PGA Tour chief Jay Monahan ‘reveals he was shocked by LIV Golf merger as he couldn’t afford to continue battling unlimited Saudi PIF money’
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Commissioner Jay Monahan told employees the PGA Tour simply could not afford to continue battling the Saudi-backed LIV Golf League after the two tours’ shock merger.
Monahan, 53, said the tour was spending tens of millions in its legal fight with Saudi Arabia’s Public Investment Fund (PIF) while increasing its own scholarships to help prevent other players from defecting to the rival circuit.
Monahan made the remarks during a meeting Thursday at the PGA Tour headquarters in Ponte Vedra Beach, Florida.
He said the fight was not sustainable against a Saudi sovereign wealth fund that is believed to have more than $600 billion in assets.
The meeting came two days after the PGA Tour’s shock announcement that it had formed an alliance with the DP World Tour and the Public Investment Fund.
Clerk. Jay Monahan shared the PGA Tour couldn’t afford to compete with LIV in court
The PGA Tour was spending tens of millions in legal costs while increasing its own purses to help prevent other players from defecting to LIV Golf
Yasir Al-Rumayyan, the governor of Saudi Arabia’s Public Investment Fund, will be PGA’s CEO once the merger is officially completed
‘We can’t compete with a foreign government with unlimited money,” Monahan told employees, according to The Wall Street Journal. “Now was the time. […] We waited until we were in the strongest possible position to conclude this agreement.
Monahan told them the tour had spent $50 million on legal fees and withdrawn $100 million from its reserve funds to help pay out larger purses and other bonuses to top players.
In a statement to ESPN on Saturday, a PGA Tour spokesperson called the Wall Street Journal report “oversimplified.”
“Characterizing that this agreement was reached due to legal costs and other uses of reservations is an oversimplification,” the statement read, adding, “With the end of the fractured landscape in the world of men’s professional golf , the PGA Tour has never been a more valuable property.
“The Public Investment Fund (PIF) has recognized this value and the opportunity for [return on investment] with their investment in the tour. Additionally, this transaction will make professional golf more competitive with other professional sports and spot leagues.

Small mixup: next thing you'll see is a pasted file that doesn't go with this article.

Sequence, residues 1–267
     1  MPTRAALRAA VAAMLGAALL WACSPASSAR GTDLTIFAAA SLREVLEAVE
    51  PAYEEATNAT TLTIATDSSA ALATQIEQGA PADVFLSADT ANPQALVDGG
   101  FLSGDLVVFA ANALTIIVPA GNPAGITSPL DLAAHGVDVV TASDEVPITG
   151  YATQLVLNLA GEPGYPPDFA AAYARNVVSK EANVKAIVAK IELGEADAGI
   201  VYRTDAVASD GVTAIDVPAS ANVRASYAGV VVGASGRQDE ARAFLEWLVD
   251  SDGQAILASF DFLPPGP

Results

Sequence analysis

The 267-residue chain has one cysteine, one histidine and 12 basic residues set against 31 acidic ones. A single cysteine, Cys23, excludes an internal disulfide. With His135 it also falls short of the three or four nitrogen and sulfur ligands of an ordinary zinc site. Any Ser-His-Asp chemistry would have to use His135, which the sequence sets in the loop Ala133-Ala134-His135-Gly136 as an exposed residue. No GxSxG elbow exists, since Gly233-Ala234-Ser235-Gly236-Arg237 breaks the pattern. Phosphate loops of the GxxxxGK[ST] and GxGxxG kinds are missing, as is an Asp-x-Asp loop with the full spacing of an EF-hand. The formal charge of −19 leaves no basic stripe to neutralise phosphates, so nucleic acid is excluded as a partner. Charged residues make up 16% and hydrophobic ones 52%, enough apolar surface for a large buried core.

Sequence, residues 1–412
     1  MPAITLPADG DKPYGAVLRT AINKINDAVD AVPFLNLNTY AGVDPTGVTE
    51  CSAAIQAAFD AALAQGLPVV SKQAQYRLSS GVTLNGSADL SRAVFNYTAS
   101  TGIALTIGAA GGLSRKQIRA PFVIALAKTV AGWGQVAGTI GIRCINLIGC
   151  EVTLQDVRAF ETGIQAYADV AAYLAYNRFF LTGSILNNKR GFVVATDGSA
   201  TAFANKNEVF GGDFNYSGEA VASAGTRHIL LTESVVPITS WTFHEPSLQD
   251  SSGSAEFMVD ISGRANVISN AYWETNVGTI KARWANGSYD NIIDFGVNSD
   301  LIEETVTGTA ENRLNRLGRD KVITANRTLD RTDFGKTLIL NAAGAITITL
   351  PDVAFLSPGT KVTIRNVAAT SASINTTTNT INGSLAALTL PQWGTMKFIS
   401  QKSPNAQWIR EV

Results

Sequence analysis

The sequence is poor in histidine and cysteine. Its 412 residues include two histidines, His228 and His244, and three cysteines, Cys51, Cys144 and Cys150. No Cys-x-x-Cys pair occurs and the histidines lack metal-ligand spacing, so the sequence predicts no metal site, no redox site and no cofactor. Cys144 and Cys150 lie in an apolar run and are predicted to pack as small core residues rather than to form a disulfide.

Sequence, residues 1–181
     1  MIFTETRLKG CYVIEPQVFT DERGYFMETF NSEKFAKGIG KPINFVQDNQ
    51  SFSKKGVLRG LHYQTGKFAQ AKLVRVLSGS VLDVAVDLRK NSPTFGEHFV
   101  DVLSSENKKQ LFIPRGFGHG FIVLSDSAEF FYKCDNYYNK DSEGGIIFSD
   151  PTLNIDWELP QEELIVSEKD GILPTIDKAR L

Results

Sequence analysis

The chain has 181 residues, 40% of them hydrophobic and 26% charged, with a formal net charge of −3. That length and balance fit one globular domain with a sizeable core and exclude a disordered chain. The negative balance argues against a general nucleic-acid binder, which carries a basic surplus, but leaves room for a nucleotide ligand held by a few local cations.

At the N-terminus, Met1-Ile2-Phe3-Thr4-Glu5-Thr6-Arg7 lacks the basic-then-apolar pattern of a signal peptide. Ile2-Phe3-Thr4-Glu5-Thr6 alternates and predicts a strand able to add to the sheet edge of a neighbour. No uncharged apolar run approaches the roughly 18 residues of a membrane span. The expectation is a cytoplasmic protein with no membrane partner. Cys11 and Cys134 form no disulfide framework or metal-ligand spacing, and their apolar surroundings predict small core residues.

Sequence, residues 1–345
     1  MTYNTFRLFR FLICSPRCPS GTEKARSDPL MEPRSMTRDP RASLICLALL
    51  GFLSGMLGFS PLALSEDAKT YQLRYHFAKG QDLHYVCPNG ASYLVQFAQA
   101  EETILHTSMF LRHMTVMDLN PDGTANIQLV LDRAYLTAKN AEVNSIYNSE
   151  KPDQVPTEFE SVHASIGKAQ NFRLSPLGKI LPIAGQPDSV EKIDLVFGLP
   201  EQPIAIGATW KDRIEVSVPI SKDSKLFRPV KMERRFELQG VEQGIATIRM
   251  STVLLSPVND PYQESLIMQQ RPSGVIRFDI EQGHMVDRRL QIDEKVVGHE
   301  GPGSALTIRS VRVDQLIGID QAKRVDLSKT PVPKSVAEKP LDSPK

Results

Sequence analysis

Monahan said ‘removing a competitor from the board’ was one of the reasons for the merger
The merger agreement announced Tuesday ends all legal disputes between the PGA Tour and the PIF.
A source told ESPN that the PGA Tour’s insurance will cover most of his legal costs.
Meanwhile, players who turned down big offers to defect to LIV Golf and stuck with the PGA Tour will be awarded shares in the new for-profit entity formed by the merger of the two tours, Jimmy Dunne said. , a member of the PGA Tour Board of Directors.
Dunne, who is credited with orchestrating the new deal, contacted PIF Governor Yasir Al-Rumayyan earlier this year to begin talks about the deal which caught the sports world by surprise.
Players who declined LIV’s offers and stayed on the Tour will be compensated for their loyalty
The PIF had previously funded LIV Golf which led to the schism in the world of golf which saw star players like Phil Mickelson, Dustin Johnson and Brooks Koepka quit the PGA Tour.
As for star players who declined LIV’s offers and stayed, like Jon Rahm of Spain and Hideki Matsuyama of Japan, they will now be rewarded for their loyalty.
‘New [company] would grow, and the [current PGA Tour] players would get an equity stake that would grow and increase in value over time,’ Dunne told ESPN.
“There would have to be some sort of formulaic decision on how to proceed. It would be a process to determine what would be a fair mechanism that would really benefit our players.
Players who have joined LIV will not be eligible for this equity plan.